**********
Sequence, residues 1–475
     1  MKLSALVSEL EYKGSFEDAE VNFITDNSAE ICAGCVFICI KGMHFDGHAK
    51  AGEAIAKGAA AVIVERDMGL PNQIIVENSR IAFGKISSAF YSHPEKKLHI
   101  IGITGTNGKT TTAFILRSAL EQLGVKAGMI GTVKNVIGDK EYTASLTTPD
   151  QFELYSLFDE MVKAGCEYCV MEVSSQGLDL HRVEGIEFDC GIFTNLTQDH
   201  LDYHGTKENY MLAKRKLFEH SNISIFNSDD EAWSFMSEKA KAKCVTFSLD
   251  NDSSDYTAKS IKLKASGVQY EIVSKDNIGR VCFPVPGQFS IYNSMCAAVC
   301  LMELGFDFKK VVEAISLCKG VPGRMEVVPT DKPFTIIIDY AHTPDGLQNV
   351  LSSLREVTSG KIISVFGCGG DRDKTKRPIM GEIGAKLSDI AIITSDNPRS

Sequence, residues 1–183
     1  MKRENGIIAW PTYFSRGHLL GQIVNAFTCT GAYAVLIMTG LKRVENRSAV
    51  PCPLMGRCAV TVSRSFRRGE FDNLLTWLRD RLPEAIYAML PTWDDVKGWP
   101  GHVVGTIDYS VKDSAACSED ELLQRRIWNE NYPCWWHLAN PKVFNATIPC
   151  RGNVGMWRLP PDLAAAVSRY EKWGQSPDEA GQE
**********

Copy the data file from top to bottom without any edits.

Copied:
Sequence, residues 1–475
     1  MKLSALVSEL EYKGSFEDAE VNFITDNSAE ICAGCVFICI KGMHFDGHAK
    51  AGEAIAKGAA AVIVERDMGL PNQIIVENSR IAFGKISSAF YSHPEKKLHI
   101  IGITGTNGKT TTAFILRSAL EQLGVKAGMI GTVKNVIGDK EYTASLTTPD
   151  QFELYSLFDE MVKAGCEYCV MEVSSQGLDL HRVEGIEFDC GIFTNLTQDH
   201  LDYHGTKENY MLAKRKLFEH SNISIFNSDD EAWSFMSEKA KAKCVTFSLD
   251  NDSSDYTAKS IKLKASGVQY EIVSKDNIGR VCFPVPGQFS IYNSMCAAVC
   301  LMELGFDFKK VVEAISLCKG VPGRMEVVPT DKPFTIIIDY AHTPDGLQNV
   351  LSSLREVTSG KIISVFGCGG DRDKTKRPIM GEIGAKLSDI AIITSDNPRS

Sequence, residues 1–183
     1  MKRENGIIAW PTYFSRGHLL GQIVNAFTCT GAYAVLIMTG LKRVENRSAV
    51  PCPLMGRCAV TVSRSFRRGE FDNLLTWLRD RLPEAIYAML PTWDDVKGWP
   101  GHVVGTIDYS VKDSAACSED ELLQRRIWNE NYPCWWHLAN PKVFNATIPC
   151  RGNVGMWRLP PDLAAAVSRY EKWGQSPDEA GQE